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DARPA’s ‘Targeted Neuroplasticity Training’ program aims to accelerate learning ‘beyond normal levels’

The transhumanism-inspired goal: train superspy agents to rapidly master foreign languages and cryptography
March 23, 2016

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DARPA has announced a new program called Targeted Neuroplasticity Training (TNT) aimed at exploring how to use peripheral nerve stimulation and other methods to enhance learning.

DARPA already has research programs underway to use targeted stimulation of the peripheral nervous system as a substitute for drugs to treat diseases and accelerate healing*, to control advanced prosthetic limbs**, and to restore tactile sensation.

But now… read more

More-efficient solar-powered steam

Can convert 85 percent of incoming solar energy into steam, eliminating need for complex, costly systems to highly concentrate sunlight
July 22, 2014

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A new carbon-based material structure developed at MIT generates steam from solar energy.

The structure — a layer of graphite flakes and an underlying carbon foam — is a porous, insulating material structure that floats on water.

When sunlight hits the structure’s surface, it creates a hotspot in the graphite, drawing water up through the material’s pores, where it evaporates as steam. The brighter the light,… read more

Singularity University plans massive upgrade

August 27, 2012

Singularity University

Singularity University is planning to exponentially advance itself, transforming from a provider of short supplemental classes into a sort of innovation pipeline, with a rich website and conference series on one end, an expanding array of classes in the middle, and at the other end incubation labs for startups and corporate skunkworks teams, as well as a strong global alumni network, Wired Business reports.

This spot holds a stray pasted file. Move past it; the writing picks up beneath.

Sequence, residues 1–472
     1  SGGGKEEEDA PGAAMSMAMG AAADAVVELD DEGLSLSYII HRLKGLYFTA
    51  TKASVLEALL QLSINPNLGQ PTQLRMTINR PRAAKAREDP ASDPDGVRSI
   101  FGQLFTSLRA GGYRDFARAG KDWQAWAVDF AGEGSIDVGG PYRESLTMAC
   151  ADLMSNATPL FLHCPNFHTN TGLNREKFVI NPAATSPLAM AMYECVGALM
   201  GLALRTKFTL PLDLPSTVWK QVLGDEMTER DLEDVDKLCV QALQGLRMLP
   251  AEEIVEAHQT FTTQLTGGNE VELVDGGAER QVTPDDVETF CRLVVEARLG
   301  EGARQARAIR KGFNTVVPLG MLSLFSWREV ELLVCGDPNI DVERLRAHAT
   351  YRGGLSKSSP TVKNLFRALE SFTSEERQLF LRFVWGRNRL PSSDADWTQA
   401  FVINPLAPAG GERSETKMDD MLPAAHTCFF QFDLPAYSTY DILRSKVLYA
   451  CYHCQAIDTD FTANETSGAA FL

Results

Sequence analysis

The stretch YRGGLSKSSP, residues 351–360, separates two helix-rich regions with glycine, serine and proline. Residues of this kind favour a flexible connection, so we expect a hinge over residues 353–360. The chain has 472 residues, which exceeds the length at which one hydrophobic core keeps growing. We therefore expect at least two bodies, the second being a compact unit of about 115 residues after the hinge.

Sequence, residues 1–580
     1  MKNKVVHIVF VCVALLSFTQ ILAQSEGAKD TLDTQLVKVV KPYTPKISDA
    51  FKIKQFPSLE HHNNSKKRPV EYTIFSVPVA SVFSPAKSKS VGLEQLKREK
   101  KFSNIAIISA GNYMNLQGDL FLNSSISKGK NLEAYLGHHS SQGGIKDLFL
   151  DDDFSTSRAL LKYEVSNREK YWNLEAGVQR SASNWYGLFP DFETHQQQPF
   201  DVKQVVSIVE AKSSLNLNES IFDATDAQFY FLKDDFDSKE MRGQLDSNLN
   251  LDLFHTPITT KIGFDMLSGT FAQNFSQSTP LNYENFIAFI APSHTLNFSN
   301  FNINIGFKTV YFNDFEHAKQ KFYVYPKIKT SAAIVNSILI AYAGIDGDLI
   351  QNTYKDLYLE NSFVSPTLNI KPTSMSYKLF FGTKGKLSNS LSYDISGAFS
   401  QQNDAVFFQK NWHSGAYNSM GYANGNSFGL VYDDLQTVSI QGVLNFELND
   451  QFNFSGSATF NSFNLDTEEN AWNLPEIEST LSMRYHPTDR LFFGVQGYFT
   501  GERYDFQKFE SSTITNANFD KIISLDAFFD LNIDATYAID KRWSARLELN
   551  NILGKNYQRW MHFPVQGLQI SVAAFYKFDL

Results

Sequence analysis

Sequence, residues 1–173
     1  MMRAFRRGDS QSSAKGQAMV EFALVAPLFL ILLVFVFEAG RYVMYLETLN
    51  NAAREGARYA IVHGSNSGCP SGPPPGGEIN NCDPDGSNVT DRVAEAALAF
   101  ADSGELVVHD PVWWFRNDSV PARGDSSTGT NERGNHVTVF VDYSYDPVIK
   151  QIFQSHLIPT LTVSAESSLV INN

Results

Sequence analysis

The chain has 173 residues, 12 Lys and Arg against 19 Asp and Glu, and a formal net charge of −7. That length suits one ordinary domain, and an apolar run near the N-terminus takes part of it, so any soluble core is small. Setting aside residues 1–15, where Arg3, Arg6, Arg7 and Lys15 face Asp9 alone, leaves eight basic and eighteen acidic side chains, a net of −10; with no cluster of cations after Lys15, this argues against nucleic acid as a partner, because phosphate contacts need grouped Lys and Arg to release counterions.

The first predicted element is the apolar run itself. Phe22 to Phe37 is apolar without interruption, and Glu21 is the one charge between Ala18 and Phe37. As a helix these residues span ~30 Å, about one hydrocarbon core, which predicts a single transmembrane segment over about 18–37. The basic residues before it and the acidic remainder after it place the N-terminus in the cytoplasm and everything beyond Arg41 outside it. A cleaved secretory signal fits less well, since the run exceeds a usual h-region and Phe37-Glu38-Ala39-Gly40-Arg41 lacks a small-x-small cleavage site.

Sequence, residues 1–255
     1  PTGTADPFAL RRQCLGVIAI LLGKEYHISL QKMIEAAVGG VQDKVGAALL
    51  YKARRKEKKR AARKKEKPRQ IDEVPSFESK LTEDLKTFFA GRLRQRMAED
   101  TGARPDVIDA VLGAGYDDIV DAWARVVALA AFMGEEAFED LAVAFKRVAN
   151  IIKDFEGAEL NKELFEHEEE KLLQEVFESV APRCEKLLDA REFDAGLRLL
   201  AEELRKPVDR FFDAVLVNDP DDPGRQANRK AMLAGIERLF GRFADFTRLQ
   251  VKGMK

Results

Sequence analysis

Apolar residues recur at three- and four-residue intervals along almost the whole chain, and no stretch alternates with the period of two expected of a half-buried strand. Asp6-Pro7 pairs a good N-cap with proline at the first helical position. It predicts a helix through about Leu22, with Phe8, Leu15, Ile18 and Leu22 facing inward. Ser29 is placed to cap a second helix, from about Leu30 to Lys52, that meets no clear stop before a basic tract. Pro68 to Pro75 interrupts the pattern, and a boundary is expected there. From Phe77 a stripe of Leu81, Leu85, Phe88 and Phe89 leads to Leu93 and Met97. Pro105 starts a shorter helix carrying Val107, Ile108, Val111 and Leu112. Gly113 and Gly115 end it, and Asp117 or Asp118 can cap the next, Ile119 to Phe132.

The ongoing… read more

AI game bots ‘more human-like’ than half of human competitors

A ‘Turing test' for game bots
September 27, 2012

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An artificially intelligent virtual game bot created by computer scientists at The University of Texas at Austin has won the BotPrize by convincing a panel of judges that it was more human-like than half the humans it competed against.

The competition, sponsored by 2K Games, was set inside the virtual world of “Unreal Tournament 2004,” a first-person shooter video… read more

MIT cheetah robot now jumps over obstacles autonomously

First four-legged robot to run and jump over obstacles autonomously
June 1, 2015

MIT researchers have trained their robotic cheetah to see and jump over hurdles as it runs — making this the first four-legged robot to run and jump over obstacles autonomously (credits: Haewon Park, Patrick Wensing, and Sangbae Kim)

Massachusetts Institute of Technology| MIT cheetah robot lands the running jump